Carnegie Mellon Univ. v. Hoffmann-La Roche Inc.
United States Court of Appeals for the Federal Circuit
September 8, 2008, Decided
[***1234] [*1117] LOURIE, Circuit Judge.
Carnegie Mellon University ("CMU") and Three Rivers Biologicals, Inc. (collectively "appellants") appeal from the decision of the United States District Court for the Northern District of California holding that Hoffmann-La Roche, Inc., Roche Molecular Systems, Inc., Roche Diagnostic Systems, Inc., Roche Biomedical Laboratories, Inc., The Perkin Elmer Corporation, and Laboratory Corporation of America Holdings (collectively "Roche") do not infringe the patents in suit and that certain claims are invalid for lack of written description. Because we conclude that the district court [**2] did not err in holding the claims invalid for failure to meet the written description requirement, we affirm the court's judgment of invalidity. Because we conclude that the court did not err in its infringement analysis, we affirm the court's judgment of noninfringement.
Proteins, one of the most versatile biomolecules, can serve many important roles, including as signal receptors, structural elements, or enzymes. They are encoded by particular deoxyribonucleic acid ("DNA") sequences known as genes. The process by which cells use the information contained in genes to make corresponding [*1118] proteins is referred to as expression. Expression involves two steps, viz., transcription and translation. During transcription, the information contained in a gene is copied into messenger ribonucleic acid ("mRNA"). The cell then assembles amino acids in the proper sequence during translation to make the protein based on the information contained in the mRNA.
One gene in the bacterium E. coli, called the E. coli polA gene, encodes a protein known as E. coli DNA polymerase I. Since at least the 1970s, the E. coli polA gene has been the subject of scientific study. The wild-type E. coli polA [**3] gene consists of two parts--the structural gene (or gene coding region) and a promoter, which is a DNA sequence that is involved in initiating transcription. The expression of a gene can be regulated through the use of a promoter by controlling the level of transcription.
Some valuable proteins are either difficult to purify from their natural sources or occur in minute quantities in nature. Thus, methods have been developed in the field of biotechnology [***1235] "to synthesize useful quantities of specific proteins by controlling the mechanism by which living cells make proteins." Carnegie Mellon Univ. v. Hoffmann-La Roche, Inc., 55 F. Supp. 2d 1024, 1027 (N.D.Cal. 1999).Read The Full CaseNot a Lexis Advance subscriber? Try it out for free.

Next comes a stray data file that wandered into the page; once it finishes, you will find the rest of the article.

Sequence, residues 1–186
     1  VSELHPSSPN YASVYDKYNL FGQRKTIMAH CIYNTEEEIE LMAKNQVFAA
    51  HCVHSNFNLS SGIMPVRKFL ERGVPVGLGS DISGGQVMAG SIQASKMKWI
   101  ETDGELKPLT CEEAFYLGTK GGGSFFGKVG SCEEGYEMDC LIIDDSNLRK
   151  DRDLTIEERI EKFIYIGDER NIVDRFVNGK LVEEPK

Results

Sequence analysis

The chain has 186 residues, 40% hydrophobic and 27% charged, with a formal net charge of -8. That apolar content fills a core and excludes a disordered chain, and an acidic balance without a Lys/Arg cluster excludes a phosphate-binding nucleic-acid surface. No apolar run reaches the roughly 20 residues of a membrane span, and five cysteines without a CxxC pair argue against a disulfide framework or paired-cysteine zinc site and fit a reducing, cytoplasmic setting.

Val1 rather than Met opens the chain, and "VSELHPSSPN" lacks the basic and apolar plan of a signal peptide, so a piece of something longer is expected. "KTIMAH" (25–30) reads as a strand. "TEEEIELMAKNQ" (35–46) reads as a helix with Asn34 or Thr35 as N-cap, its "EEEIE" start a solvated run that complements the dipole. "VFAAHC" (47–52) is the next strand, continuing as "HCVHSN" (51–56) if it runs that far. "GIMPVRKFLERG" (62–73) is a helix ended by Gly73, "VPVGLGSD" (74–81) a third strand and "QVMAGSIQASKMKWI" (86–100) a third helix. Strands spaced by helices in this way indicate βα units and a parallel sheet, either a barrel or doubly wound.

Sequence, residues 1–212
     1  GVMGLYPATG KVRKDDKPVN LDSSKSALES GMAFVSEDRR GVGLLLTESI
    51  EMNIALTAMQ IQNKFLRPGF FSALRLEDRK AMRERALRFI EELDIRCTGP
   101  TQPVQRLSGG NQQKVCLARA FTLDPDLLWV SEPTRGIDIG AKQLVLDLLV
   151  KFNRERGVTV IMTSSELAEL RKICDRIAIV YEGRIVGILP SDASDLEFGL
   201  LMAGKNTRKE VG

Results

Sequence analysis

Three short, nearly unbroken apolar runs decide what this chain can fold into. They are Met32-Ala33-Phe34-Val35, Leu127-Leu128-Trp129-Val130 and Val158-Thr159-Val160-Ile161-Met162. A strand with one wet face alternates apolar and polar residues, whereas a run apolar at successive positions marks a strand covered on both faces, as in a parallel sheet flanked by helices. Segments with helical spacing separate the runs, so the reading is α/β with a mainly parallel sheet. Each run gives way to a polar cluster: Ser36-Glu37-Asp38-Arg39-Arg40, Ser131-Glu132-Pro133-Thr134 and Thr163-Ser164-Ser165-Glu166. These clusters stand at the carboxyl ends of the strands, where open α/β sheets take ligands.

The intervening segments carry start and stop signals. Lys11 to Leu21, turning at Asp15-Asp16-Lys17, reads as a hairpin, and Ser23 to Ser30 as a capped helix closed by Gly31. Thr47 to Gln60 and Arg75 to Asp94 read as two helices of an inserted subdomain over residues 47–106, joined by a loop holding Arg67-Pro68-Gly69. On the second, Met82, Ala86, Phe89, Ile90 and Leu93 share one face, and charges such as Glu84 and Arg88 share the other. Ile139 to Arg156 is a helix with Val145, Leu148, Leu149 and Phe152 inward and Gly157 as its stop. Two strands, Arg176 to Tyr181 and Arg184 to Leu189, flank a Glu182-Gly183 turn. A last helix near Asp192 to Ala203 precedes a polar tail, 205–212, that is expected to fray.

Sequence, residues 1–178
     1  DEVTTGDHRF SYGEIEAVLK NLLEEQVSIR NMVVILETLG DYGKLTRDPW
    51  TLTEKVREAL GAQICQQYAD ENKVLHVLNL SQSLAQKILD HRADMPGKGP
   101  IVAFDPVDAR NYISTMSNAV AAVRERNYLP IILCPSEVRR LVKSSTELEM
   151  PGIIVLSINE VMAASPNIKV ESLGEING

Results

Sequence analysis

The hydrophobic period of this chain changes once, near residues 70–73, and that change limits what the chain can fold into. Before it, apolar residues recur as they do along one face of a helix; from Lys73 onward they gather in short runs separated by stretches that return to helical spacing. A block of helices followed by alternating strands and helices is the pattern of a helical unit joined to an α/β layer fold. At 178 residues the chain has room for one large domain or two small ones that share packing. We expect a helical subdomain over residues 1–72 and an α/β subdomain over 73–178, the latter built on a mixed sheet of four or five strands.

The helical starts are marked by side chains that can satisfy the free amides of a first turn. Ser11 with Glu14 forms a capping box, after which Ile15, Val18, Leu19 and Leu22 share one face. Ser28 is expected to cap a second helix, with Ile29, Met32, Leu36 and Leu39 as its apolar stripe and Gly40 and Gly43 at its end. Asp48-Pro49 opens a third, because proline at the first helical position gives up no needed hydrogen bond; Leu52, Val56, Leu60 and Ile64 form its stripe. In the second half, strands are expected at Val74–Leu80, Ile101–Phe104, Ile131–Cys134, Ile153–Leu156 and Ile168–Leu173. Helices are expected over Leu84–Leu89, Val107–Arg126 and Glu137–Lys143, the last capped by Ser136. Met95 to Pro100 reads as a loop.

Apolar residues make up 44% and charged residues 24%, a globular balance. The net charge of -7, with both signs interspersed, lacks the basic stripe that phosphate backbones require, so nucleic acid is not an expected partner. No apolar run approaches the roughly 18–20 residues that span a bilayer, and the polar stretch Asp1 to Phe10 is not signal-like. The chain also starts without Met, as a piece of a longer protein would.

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541 F.3d 1115 *; 2008 U.S. App. LEXIS 22350 **; 88 U.S.P.Q.2D (BNA) 1233 ***
CARNEGIE MELLON UNIVERSITY and THREE RIVERS BIOLOGICALS, INC., Plaintiffs-Appellants, v. HOFFMANN-LA ROCHE INC., ROCHE MOLECULAR SYSTEMS, INC., ROCHE DIAGNOSTIC SYSTEMS, INC., ROCHE BIOMEDICAL LABORATORIES, INC., THE PERKIN-ELMER CORPORATION, and LABORATORY CORPORATION OF AMERICA HOLDINGS, Defendants-Appellees. CARNEGIE MELLON UNIVERSITY, Plaintiff-Appellant, v. HOFFMANN-LA ROCHE INC., ROCHE MOLECULAR SYSTEMS, INC., ROCHE DIAGNOSTICS CORPORATION, LABORATORY CORPORATION OF AMERICA; and APPLERA CORPORATION, Defendants-Appellees.
Subsequent History: Rehearing denied by, Rehearing, en banc, denied by Carnegie Mellon Univ. v. Hoffmann-La Roche, Inc., 2008 U.S. App. LEXIS 25398 (Fed. Cir., Nov. 10, 2008)
Rehearing denied by, Rehearing, en banc, denied by Carnegie Mellon Univ. v. Hoffmann-La Roche, Inc., 2008 U.S. App. LEXIS 25395 (Fed. Cir., Nov. 10, 2008)
Prior History: [**1] Appeal from the United States District Court for the Northern District of California in Case Nos. 95-CV-3524 and 01-CV-0415, Judge Susan Illston.
Carnegie Mellon Univ. v. Hoffmann-LaRoche, Inc., 55 F. Supp. 2d 1024, 1999 U.S. Dist. LEXIS 16051 (N.D. Cal., 1999)Carnegie Mellon Univ. v. Hoffman-La Roche, Inc., 2004 U.S. Dist. LEXIS 4975 (N.D. Cal., Feb. 25, 2004)Carnegie Mellon Univ. v. Hoffman La Roche Inc., 148 F. Supp. 2d 1004, 2001 U.S. Dist. LEXIS 12463 (N.D. Cal., 2001)
patent, plasmid, invention, bacterial, polymerase, sequence, written description, polA, recombinant, invalid, coli, coding, genus, district court, promoter, species, host, specification, infringe, encodes, cloned, noninfringement, summary judgment, enzyme, appellants', genuine issue of material fact, lethality, disclose, proteins, region
Civil Procedure, Summary Judgment, Entitlement as Matter of Law, Appropriateness, Appeals, Summary Judgment Review, Standards of Review, General Overview, Patent Law, Specifications, Description Requirement, Written Description Versus Enablement, Standards & Tests, Infringement Actions, Doctrine of Equivalents, Equivalence Limits, Elements